CENTRAL ASIA -- Central Asia natives are returning to their roots, dropping Slavic name suffixes such as "-ov" or "-ev" that were adopted in Tsarist times.
In 2017, more than 33,000 residents of Kyrgyzstan changed their first and last names, 24.kg reported. The most common change was a switch from the Slavic form of their name to a Kyrgyz one by dropping the "-ov/-ev" suffixes and adding "-uulu/-kyzy" or "-tegin".
This trend began in Kyrgyzstan as far back as the early 1990s after the collapse of the Soviet Union and has since then become part of the national self-identification of the Kyrgyz people.
High-ranking government officials were among those who popularised such changes.
Two brothers -- Bolot Sher-Niyaz, a former interior minister, and Sadyk Sher-Niyaz, a former lawmaker turned film director -- were among the first to stop using the Slavic form of their last name, changing it from Sherniyazov.
Kyrgyz Ambassador to South Korea Kylychbek Sultan changed his last name from Sultanov in 2016. The suffix "-ov" has no meaning for either Kyrgyzstan or the Kyrgyz, he told 24.kg.
Tursunbek Akun, the co-ordinator of the Bishkek-based Congress on Human Rights in Central Asia, told Caravanserai during an interview that he dropped the "-ov" suffix from his name back in 2002.
Akun said he had based his decision on his experiences while travelling to Asian countries, including China. Inhabitants of those countries often expressed surprise that a Kyrgyz national had a Slavic last name.
"Now the younger generation has last names with the '-uulu' and '-kyzy' patronymics," he said.
"We should all move away from the Russian endings '-ov' and '-ev'," he said. "After all, Kyrgyzstan has been a sovereign country for a long time now, so why do we need forms that originate in other countries?"
"Each nation should take the names of its ancestors," he said. "We need to return to our own history and culture -- that would be appropriate."
Returning to roots in Kazakhstan
Russian-style last names are also going out of vogue in Kazakhstan.
For example, Bauyrzhan Baibek, the mayor of Almaty, changed last names after Kazakhstan gained independence in 1991, cutting off the "-vich" and "-ov" endings from his patronymic and his last name, respectively.
Ulan Shamshet, a civic activist from Almaty and the leader of the Antigeptil environmental movement, told Caravanserai that he abandoned the Russian form of his last name as a matter of principle at the age of 16, when he received a passport for the first time.
Many Kazakhs have changed their last names and removed the Russian endings since the nation gained independence, he said, adding that many born in the 2000s already use the new style.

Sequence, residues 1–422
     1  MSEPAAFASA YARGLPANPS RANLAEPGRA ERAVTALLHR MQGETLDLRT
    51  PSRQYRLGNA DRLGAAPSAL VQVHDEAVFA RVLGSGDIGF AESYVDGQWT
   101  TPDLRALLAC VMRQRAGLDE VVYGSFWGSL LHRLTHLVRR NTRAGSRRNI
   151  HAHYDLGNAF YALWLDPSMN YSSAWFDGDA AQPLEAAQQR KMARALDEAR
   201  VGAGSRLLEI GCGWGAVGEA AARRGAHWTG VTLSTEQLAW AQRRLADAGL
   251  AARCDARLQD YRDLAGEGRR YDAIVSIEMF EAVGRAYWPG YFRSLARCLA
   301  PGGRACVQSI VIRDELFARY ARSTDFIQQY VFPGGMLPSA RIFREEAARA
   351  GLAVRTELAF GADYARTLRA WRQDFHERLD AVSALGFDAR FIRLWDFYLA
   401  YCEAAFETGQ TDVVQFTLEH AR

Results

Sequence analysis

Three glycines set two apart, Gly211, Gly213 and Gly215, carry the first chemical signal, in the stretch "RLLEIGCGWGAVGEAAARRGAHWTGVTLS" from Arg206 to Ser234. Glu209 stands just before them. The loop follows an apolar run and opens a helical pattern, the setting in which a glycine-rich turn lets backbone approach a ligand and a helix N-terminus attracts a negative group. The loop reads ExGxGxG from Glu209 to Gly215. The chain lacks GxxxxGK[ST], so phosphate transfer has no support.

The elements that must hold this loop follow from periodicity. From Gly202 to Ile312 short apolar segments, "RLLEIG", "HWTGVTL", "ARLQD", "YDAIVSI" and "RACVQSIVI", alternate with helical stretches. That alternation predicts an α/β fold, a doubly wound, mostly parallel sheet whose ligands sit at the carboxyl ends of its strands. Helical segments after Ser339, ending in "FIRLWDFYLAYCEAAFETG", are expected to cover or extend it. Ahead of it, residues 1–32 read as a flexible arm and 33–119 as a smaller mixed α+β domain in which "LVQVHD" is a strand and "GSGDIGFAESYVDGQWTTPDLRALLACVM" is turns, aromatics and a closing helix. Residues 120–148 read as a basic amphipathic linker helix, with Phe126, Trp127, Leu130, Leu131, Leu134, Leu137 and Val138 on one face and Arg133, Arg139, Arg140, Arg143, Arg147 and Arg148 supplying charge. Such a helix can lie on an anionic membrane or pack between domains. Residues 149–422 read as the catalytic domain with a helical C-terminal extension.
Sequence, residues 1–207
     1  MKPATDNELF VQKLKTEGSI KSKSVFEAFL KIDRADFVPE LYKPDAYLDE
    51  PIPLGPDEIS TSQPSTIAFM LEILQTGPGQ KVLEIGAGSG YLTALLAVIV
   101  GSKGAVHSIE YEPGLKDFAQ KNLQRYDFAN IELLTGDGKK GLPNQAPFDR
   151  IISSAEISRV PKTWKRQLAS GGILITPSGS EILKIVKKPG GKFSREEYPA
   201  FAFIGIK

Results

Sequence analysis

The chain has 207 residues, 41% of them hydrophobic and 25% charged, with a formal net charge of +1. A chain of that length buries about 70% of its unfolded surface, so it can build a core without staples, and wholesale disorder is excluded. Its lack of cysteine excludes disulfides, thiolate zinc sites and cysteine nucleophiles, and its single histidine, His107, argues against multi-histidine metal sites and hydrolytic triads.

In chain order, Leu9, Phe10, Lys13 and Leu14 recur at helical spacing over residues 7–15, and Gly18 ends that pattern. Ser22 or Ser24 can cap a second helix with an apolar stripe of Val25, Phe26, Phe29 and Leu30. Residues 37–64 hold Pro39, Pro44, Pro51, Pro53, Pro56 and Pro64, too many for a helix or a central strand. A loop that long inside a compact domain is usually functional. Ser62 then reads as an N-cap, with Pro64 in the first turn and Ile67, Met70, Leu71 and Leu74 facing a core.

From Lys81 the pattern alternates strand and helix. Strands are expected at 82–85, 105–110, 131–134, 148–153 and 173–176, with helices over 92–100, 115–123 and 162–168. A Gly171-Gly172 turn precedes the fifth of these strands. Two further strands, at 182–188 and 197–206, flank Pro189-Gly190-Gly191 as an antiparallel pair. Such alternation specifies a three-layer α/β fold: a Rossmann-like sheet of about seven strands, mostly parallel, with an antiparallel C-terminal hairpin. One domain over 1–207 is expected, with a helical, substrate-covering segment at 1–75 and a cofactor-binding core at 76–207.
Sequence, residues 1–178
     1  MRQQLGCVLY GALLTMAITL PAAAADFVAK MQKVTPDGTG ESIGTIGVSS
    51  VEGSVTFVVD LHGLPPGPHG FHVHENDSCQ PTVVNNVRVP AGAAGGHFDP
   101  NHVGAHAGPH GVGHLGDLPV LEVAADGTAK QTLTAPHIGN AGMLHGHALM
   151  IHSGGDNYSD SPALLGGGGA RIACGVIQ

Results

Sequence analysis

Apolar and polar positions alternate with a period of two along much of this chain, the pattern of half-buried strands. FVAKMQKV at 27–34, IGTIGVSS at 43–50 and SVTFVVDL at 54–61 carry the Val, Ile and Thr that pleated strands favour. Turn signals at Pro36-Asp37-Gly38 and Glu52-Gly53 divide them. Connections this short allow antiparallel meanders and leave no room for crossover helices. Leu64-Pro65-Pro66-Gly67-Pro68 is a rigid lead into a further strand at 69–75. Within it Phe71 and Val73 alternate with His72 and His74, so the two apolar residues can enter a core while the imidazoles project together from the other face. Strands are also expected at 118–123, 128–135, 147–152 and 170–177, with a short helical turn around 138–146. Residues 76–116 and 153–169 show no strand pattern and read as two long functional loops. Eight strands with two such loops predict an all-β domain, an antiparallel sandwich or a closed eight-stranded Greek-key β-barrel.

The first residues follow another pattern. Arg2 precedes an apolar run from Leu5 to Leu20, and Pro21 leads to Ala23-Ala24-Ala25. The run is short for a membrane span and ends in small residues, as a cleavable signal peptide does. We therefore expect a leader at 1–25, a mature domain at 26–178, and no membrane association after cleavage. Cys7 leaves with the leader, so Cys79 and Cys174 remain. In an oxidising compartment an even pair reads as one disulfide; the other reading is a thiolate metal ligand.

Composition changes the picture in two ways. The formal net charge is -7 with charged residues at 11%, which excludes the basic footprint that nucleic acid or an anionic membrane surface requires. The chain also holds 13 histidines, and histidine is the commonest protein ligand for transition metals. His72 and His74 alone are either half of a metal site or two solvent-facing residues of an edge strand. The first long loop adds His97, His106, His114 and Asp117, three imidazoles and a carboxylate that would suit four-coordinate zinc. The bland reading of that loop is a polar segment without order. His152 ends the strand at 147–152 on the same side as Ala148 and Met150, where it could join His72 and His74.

"My daughter's last name is Ulankyzy," said Shamshet.
This is a natural and ordinary phenomenon for Central Asian countries, he said.
"This is a return to our roots, dropping the Russian legacy that was imposed on us," said Shamshet. "Our parents and grandparents were forced to renounce the national form of their names, which had the '-uly/-kyzy' endings [son/daughter in Kazakh]. This was purposeful Russian policy to make us part of the Russian world."
During Soviet times, Kazakhs were expected to register their last names in Russian form at local passport agencies. The Soviet authorities did not encourage preserving traditional surnames, he added.
One example of somebody who defied the norm was Kazakh war hero Bauyrzhan Momyshuly, who fought in World War II and defended Moscow from Nazi troops, Shamshet pointed out.
Soviet authorities waited till he had died -- even though he survived the war -- to give him the title of "Hero of the Soviet Union", the nation's highest military honour, because his name was Momyshuly, not Momyshev, according to Shamshet.
On the other hand, many Oralmans -- ethnic Kazakh immigrants from nearby countries -- have surnames rooted in the Kazakh language, if they were born in countries like China, Mongolia and Pakistan that never fell under Russian rule.
"The Kazakh people never had the Russian-sounding last names that many [Kazakhs] have now," Asangali Temirkhan, an Oralman from China who lives in Kaskelen, Almaty Province, told Caravanserai. "But we are not Russian, and we have our own culture."
A growing trend in Tajikistan
The same trend away from Russification can be seen in Tajikistan as well, according to Iftikhor Samadzoda, a Tajik Ministry of Justice official, Center-1 reported last year.
The process gained momentum in Tajikistan in 2007, when President Emomali Rahmon -- previously Emomali Rahmonov -- truncated his last name, setting an example for his fellow citizens.
Tajiks are adding the endings "-zoda," "-yon," "-pur" and "-dukht" to their last names. With each passing year, the number of such changes is increasing.
Tajik migrant labourers working in Russia constitute one exception, with many forced to resume using Russified last names.
They risk various problems with the Russian police and employers if they have Tajik last names, Ozodagon reported in July.